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ELECTION 2020!?

Here we are again… Every 4 years it almost seems that the country comes to a stand still as we approach November. You get that uneasy feeling, not knowing what your economic future may hold. As always we want to bring you VALUE in any way we can. We thought it would be a good idea to share with you some Election Year stats. Sometimes looking at the past can help us see what the future may hold. In this graphic we’re taking a look at 2 separate stats. At the top, we’re looking at PENDING sales and at the bottom of the graphic we’re looking at NEW LISTINGS entering the marketplace. Looking at these 2 numbers we believe gives us a good understanding of buyer and seller sentiment at that point in history.

So the question is, are we seeing much change between the numbers when comparing election years? The blue bar on the graph shows the numbers for November, and the orange bar shows the highest number for the year. To be completely frank, we don’t see to much change between all 3 election years. In our review of this data, it seems that The real estate market kept doing what it normally was doing. In other words, there’s no clear swing of the numbers, up or down that we can see that clearly shows there was some drastic change in the market. It’s difficult to show you every angle of the market in 1 graphic but analyzing the numbers in the grand scheme of things, it almost seems that the normal swings that usually take place in the 4th quarter of each year (election year or not) don’t change too much.

The one thing that does stand out to us is the consistent decline in NEW LISTINGS ENTERING THE MARKET from 2008 through 2016 when looking at the bottom graph. It seems that as the years went by, less and less homeowners put their homes on the market. This of course means less and less inventory hitting the market, leading us to a supply and demand issue. The reduced supply of homes will always create a higher demand for homes, and higher demand in turn leads to higher prices. 

In summary, it doesn’t seem that an election year has a noticeable impact on the real estate market or the direction it will take in the near future. The past 12 years have been fairly consistent when looking at the number of monthly Pending listings and the New listings entering the market. So it seems that all the hype and worry the electoin year may bring you is really just unnecessary concern.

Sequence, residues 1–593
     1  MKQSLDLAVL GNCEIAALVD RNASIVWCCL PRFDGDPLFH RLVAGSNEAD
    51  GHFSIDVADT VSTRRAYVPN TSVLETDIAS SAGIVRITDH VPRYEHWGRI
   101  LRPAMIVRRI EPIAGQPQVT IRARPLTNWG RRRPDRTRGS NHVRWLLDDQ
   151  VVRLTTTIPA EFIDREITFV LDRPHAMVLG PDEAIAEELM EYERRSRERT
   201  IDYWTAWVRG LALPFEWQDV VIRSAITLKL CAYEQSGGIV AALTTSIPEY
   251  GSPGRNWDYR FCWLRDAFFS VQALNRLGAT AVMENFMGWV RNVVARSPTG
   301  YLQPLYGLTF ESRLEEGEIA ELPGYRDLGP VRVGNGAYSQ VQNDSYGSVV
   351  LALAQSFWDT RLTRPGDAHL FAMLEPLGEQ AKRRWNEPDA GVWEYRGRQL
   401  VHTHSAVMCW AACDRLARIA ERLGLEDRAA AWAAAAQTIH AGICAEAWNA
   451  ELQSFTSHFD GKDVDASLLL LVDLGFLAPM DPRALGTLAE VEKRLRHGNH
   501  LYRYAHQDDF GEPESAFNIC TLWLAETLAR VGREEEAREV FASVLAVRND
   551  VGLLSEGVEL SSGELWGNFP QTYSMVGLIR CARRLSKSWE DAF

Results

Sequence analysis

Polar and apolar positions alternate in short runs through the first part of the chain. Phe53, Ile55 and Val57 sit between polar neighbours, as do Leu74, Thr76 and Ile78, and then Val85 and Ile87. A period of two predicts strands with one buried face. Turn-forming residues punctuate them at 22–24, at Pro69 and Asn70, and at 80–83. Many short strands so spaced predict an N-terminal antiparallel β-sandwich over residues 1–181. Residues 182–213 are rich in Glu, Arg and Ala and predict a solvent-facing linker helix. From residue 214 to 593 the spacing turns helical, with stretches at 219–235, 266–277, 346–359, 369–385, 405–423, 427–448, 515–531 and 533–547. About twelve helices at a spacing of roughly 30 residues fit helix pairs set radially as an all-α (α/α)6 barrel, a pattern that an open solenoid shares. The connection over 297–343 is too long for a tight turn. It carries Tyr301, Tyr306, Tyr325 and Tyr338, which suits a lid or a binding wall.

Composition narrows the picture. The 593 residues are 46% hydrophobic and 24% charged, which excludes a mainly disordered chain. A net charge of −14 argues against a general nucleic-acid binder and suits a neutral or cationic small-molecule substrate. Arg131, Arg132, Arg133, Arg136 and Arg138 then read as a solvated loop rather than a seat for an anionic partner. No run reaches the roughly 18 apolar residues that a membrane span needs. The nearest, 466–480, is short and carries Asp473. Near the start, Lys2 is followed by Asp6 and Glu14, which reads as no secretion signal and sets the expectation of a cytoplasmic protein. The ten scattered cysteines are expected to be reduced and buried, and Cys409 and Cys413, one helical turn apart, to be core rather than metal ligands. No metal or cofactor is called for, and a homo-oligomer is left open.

ELECTION 2020!?

Here we are again… Every 4 years it almost seems that the country comes to a stand still as we approach November. You get that uneasy feeling, not knowing what your economic future may hold. As always we want to bring you VALUE in any way we can. We thought it would be a good idea to share with you some Election Year stats. Sometimes looking at the past can help us see what the future may hold. In this graphic we’re taking a look at 2 separate stats. At the top, we’re looking at PENDING sales and at the bottom of the graphic we’re looking at NEW LISTINGS entering the marketplace. Looking at these 2 numbers we believe gives us a good understanding of buyer and seller sentiment at that point in history. 

So the question is, are we seeing much change between the numbers when comparing election years? The blue bar on the graph shows the numbers for November, and the orange bar shows the highest number for the year. To be completely frank, we don’t see to much change between all 3 election years. In our review of this data, it seems that The real estate market kept doing what it normally was doing. In other words, there’s no clear swing of the numbers, up or down that we can see that clearly shows there was some drastic change in the market. It’s difficult to show you every angle of the market in 1 graphic but analyzing the numbers in the grand scheme of things, it almost seems that the normal swings that usually take place in the 4th quarter of each year (election year or not) don’t change too much.

The one thing that does stand out to us is the consistent decline in NEW LISTINGS ENTERING THE MARKET from 2008 through 2016 when looking at the graph below. It seems that as the years went by, less and less homeowners put their homes on the market. This of course means less and less inventory hitting the market, leading us to a supply and demand issue. The reduced supply of homes will always create a higher demand for homes, and higher demand in turn leads to higher prices.

In summary, it doesn’t seem that an election year has a noticeable impact on the real estate market or the direction it will take in the near future. The past 12 years have been fairly consistent when looking at the number of monthly Pending listings and the New listings entering the market. So it seems that all the hype each election year and worry that may come out of what the future may hold really is just hype.